Occasionally I run across a pilot who doesn't care to understand the upper-air meteorology that affects high altitude aviation (airline ops). Not pilots who just don't understand it, but don't care to understand it, the "eh, I don't need to know that stuff" attitude.
So, I ask: Should a lion tamer know something about lions? Who would say no?
I'm not talking about the pressure/temperature gradient phase shift calculus that are the dreams of meteorologists, but much more basic levels of understanding.
When it's turbulent do you know why? If you do, then you might know if there's something you can do about it (climb, descent, alter course).
If is seems to have smoothed out, can you look at your wind readout and temperature display and tell if you've passed that trough line or upper front, or is there still potential trouble ahead?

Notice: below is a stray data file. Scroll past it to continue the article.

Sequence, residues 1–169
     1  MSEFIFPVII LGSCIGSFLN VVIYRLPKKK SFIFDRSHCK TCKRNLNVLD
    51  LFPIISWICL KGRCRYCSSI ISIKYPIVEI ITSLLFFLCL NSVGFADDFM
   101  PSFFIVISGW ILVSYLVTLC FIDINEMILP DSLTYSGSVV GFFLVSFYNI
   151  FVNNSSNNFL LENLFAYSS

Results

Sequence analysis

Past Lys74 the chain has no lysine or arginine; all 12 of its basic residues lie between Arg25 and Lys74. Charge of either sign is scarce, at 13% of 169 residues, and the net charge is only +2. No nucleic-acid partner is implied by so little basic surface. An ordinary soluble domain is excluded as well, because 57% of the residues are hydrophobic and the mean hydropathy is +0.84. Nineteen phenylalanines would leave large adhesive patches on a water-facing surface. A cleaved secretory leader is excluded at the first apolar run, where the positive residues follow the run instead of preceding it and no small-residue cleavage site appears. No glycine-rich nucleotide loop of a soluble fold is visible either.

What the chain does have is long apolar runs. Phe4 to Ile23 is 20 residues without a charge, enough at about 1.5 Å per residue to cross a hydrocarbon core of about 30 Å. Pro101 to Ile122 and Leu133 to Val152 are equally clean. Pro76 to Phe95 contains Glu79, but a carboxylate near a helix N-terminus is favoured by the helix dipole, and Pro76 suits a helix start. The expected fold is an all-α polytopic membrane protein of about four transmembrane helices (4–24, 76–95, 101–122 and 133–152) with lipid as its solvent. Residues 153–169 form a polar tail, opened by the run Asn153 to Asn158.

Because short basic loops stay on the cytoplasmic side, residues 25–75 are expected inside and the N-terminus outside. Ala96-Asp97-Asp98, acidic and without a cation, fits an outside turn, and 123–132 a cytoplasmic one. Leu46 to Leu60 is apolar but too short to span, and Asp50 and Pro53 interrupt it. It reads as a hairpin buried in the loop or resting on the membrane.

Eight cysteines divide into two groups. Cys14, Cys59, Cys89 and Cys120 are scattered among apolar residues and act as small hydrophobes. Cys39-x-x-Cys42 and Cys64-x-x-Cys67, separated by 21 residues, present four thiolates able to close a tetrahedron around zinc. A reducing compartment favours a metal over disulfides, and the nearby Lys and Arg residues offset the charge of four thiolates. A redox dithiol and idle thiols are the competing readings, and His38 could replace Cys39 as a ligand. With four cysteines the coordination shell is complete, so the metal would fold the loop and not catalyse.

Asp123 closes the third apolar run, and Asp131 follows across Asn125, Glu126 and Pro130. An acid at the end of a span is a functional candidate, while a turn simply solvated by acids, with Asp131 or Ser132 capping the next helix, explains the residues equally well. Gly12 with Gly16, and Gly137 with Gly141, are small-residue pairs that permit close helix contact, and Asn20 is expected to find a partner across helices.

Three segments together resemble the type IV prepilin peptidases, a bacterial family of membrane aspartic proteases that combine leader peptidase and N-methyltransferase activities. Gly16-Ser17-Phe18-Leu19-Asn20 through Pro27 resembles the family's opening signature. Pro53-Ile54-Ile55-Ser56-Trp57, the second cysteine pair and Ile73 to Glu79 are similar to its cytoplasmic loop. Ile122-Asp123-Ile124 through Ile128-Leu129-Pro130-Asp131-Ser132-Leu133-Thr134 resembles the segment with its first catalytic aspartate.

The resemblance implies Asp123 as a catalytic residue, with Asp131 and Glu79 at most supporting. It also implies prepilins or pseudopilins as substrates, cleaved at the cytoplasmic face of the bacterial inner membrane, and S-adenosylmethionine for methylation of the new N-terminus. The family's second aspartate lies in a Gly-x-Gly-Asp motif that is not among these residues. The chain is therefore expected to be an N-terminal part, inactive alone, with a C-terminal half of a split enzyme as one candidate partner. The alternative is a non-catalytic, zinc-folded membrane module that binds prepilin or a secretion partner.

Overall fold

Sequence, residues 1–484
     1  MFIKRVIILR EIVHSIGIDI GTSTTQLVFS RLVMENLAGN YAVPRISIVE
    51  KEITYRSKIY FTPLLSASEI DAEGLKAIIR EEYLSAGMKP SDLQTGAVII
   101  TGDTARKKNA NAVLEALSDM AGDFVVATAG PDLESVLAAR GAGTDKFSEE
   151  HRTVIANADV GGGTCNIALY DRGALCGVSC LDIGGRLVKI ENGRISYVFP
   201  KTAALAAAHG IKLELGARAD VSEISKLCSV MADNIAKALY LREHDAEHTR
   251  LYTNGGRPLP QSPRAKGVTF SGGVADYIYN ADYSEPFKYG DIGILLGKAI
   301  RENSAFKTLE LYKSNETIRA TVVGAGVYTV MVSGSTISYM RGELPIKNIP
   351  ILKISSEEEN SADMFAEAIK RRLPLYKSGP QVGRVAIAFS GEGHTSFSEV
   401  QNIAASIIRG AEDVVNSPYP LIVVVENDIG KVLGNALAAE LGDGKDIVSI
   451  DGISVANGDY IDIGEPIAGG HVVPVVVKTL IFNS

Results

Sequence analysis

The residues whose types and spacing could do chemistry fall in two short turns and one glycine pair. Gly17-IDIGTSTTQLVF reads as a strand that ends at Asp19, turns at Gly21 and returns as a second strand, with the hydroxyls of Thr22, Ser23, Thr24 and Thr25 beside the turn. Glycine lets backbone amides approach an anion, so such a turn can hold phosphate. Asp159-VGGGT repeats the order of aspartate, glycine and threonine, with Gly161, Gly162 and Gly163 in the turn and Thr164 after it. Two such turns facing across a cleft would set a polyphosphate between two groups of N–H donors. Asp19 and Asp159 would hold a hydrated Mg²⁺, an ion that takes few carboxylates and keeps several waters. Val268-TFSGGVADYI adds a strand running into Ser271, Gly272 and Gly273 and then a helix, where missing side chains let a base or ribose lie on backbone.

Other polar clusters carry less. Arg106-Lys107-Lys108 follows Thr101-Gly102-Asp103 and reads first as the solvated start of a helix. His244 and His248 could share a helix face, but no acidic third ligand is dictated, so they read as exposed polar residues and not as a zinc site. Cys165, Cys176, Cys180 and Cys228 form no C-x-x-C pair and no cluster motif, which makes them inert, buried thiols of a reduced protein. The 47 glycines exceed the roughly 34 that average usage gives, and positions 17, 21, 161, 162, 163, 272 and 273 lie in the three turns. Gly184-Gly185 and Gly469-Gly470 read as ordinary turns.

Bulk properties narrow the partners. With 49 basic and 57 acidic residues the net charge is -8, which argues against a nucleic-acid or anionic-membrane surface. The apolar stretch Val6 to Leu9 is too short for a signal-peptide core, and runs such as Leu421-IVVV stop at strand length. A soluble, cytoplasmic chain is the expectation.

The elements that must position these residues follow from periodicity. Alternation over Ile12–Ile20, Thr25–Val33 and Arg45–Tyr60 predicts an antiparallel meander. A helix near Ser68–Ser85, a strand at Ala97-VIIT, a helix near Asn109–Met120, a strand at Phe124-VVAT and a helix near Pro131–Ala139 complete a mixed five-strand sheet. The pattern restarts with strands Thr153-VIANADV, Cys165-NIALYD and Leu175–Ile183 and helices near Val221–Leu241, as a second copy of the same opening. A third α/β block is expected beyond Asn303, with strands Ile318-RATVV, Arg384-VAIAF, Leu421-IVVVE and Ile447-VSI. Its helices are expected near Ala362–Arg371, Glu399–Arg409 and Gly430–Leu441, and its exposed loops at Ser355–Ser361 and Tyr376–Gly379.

How will the height of the tropopause affect your quest for smooth air? When the trop height changes 10,000 feet, how will that affect the temperature at altitude and therefore your performance?
Can you recognize wave action when you see it? If you were caught in a wave's descending airflow, do you know where the rising air would be? Wouldn't it be nice to know that when you're running out of airspeed and the ability to maintain level flight? Of course it would!
So pilots, open your eyes! When it's bumpy, figure out why. Watch the wind and temperature change as you cross features on the weather charts in your daily operation. Notice which features tend to produce the turbulence, remember what works and what doesn't. Learn which features are highly altitude dependent (e.g., the tropopause) and which are not (e.g., a trough line). Learn to tell a purring lion from a growling one.